For years, responsible automobile owners had a maintenance routine that mostly revolved around the expectations of extreme weather. In the late fall or early winter, they’d take their vehicles in for a winter auto checkup. This would include making sure their battery was in good working order, as well as ensuring that their antifreeze and coolant were at ideal levels. No one wants to get stranded in the snow because of poor maintenance, and these checks provided peace of mind.
Similarly, spring/summertime tuneups got people’s vehicles ready for hot weather and vacation road trips. Before the summer season, auto owners would flock in to get their air conditioning systems checked, ensure the freon levels were sufficient, make sure their belts were in good shape and that their tires were properly inflated. Those who didn’t take their cars in for servicing could be seen in their driveways, tooling around under their hoods, tweaking this and that. The ASE even has a springtime checklist of tips for auto owners doing checkups.
Cars today are different, which means that car maintenance today is different.
In the past, many car owners opted to do certain maintenance or repair items at home. The increasing complexity of today’s vehicles, with advanced computer systems and notifications that must be turned off by technicians mean that a growing number of customers rely on professional service technicians to take care of their maintenance.
In addition to this, many dealerships provide complimentary maintenance on a manufacturer recommended schedule that have customers coming in after driving a particular number of miles, rather than two specific times of the year.
Technology and complimentary dealer maintenance schedules aren’t the only things that have changed, however. Preventative auto care has become less standard and more tailored to each individual car, owner, and driving style.
Car owners today don’t visit the dealership to get their oil changed every 3,000 to 4,000 miles the way they used to. Modern vehicles and synthetic oil mean that dealerships will typically see clients for an oil change every 7,500 miles. For an average driver, this amounts to two oil change visits a year.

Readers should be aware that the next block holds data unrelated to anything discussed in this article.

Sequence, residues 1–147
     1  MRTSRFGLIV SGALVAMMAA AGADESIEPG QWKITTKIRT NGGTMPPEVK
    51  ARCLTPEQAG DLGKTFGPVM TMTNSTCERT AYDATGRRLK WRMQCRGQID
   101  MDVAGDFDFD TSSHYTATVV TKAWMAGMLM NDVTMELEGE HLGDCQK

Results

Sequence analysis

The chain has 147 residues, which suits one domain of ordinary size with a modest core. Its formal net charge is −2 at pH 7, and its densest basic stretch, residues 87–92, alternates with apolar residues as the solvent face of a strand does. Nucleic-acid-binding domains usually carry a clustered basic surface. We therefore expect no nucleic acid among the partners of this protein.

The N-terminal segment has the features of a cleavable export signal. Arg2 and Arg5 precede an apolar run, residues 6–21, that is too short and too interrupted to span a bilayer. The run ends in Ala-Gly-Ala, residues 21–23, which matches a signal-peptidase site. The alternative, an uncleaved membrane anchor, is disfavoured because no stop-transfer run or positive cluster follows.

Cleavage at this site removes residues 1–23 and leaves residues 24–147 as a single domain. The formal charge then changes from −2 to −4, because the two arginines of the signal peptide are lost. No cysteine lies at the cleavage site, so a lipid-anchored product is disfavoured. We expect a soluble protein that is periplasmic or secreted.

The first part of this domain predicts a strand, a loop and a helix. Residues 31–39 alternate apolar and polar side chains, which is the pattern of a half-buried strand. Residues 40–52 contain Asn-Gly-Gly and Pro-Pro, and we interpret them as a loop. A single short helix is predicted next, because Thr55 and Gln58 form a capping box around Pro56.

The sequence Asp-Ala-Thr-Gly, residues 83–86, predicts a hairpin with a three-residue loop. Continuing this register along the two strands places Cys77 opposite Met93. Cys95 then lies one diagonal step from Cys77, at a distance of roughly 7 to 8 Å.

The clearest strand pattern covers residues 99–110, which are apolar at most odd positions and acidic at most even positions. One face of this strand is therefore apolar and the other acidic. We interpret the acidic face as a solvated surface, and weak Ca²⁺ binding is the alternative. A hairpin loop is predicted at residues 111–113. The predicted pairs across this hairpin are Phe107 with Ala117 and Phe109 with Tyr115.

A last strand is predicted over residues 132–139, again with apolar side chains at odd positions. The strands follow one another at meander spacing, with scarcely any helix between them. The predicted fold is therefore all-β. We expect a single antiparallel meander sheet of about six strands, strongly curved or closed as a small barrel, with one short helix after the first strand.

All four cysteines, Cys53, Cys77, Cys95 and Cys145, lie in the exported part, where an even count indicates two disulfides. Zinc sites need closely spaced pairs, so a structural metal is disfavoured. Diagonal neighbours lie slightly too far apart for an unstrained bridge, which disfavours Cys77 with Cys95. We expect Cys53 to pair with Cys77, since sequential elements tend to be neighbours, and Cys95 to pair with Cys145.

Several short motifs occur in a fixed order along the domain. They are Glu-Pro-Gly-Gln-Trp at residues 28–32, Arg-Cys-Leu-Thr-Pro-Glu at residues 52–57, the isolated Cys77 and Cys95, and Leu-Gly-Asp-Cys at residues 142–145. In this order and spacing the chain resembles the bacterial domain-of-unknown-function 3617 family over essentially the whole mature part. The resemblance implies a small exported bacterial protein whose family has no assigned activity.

During those visits, it’s important to take care of all maintenance items that need to be addressed (such as tire rotation and cabin air filter changes). However, because the service department will see clients on such an infrequent basis, it’s imperative that they conduct a proper multi-point inspection to diagnose any other problems that may be going on.
This may mean taking note of belts that are beginning to crack or tires that are showing signs of wear. If a customer uses a dealership for their regular maintenance, they’re more likely to use them for repairs, as well. This means if a problem doesn’t get fixed in the shop that day, the service department needs to get the customer scheduled to have the problem addressed before it results in a breakdown.
These multi-point inspections are important because customers generally aren’t going to respond to one-size-fits-all appeals like “Bring your vehicle in and get the belts changed!” What if their vehicle doesn’t need it? How would they know if it does? Multi-point inspections are great at presenting an individualized view of what’s going on and what needs to be addressed for each vehicle.
So ditch the old-fashioned tradition of the summer/winter tuneup. This doesn’t mean that car maintenance gets left to the wayside; it simply means that maintenance and service get done when a vehicle really needs it. Another benefit to this approach is that it keeps a continuous flow of customers coming through your dealership’s doors all year long.
Schedule a meeting with a Customer Retention pro to discuss a personalized maintenance-included strategy to drive consistent service traffic to your dealership or automotive service center.